Leechburg native dreams of pitching career, becomes poker pro instead |
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Leechburg native dreams of pitching career, becomes poker pro instead

Courtesy of World Poker Tour/Joel Lipton
Matt Berkey (right), a Leechburg native, has won more than $460,000 at poker tournaments in Las Vegas since the start of June. He has played poker professionally while living in Las Vegas since 2008.

Stuck with his Gannon baseball teammates on a bus headed to competitions in Fort Myers, Fla., and Savannah, Ga., Matt Berkey turned to poker for hour-burning entertainment.

Berkey, a left-handed pitcher for the Knights from 2002-05, sat in the back of the bus and schooled his cohorts in games of no-limit Texas hold ‘em. He loved poker. He loved baseball. The trips afforded him ample opportunities to enjoy both.

These days, Berkey, 31, can afford to fly anywhere in the country on a whim in search of a game, be it baseball or poker. Both activities remain passions and integral parts of his life. Poker just pays better.

Since 2006, Berkey has earned income with his hands — flushes, pairs, full houses. A full-time poker pro who lives in Las Vegas, he ranks among the world’s best, particularly in the no-limit hold ’em variety. Prior to the completion of the World Series of Poker’s no-limit hold ’em Main Event Monday, Berkey, who competed in the event but exited relatively early, ranked 23rd in the WSOP Player of the Year standings.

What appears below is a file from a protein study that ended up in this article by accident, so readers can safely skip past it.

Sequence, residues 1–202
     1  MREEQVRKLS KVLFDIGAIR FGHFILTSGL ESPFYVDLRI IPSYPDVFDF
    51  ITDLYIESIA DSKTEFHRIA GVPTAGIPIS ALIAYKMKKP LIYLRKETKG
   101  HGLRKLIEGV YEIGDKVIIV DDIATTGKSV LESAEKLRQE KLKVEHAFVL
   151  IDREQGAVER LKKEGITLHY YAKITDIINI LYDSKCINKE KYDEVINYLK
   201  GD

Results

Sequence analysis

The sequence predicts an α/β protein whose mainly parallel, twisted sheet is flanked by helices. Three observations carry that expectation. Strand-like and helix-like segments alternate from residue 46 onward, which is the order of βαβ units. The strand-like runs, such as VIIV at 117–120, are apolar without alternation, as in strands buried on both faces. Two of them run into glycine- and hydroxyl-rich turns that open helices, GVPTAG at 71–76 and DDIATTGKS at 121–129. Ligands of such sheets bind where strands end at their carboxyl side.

His excellence came to the forefront in June and early July, as he placed sixth or better in three World Series of Poker events.

“That means almost as much to me as winning one,” said Berkey, who has yet to win a WSOP event title. “You want people to understand that this isn’t an accident. You don’t just go out there, throw money around and hope for the best. There’s a lot of skill involved, and I personally really pride myself on studying the game and putting in a lot of work off the table. So to have a big summer like this, it’s just undeniable that it can’t be just good fortune.”

Those three finishes alone secured him more than $460,000 in winnings. The best of his finishes — third place in a $3,000 buy-in no-limit hold ’em event with a six-handed format June 11 — led to $199,733. It was his biggest score since July 5, 2010, when he took 43rd in the $10,000 buy-in WSOP Main Event.

One moment during the June 11 tournament gave Berkey a sensory experience he longed to know as an athlete.

Situated at a poker table on stage in front of a live audience, Berkey and Nikolai Sears squared off as two of the five players left in the event, which started with 807 participants. Berkey pushed all of his chips into the center of the table to answer Sears’ raise, and Sears called. Both men exposed their cards, and Berkey looked at his pair of 10s pitted against Sears’ pair of kings.

The initial odds heavily favored Sears. But the first three community cards displayed sent Berkey’s cheering section into a frenzy — Berkey was one card away from a straight. The clincher, an 8, appeared a moment later.

“It was the probably the closest I’ve ever been in my life to a professional sports atmosphere,” Berkey said, “where you just can’t hear anything except for screams, and you know they’re for you.”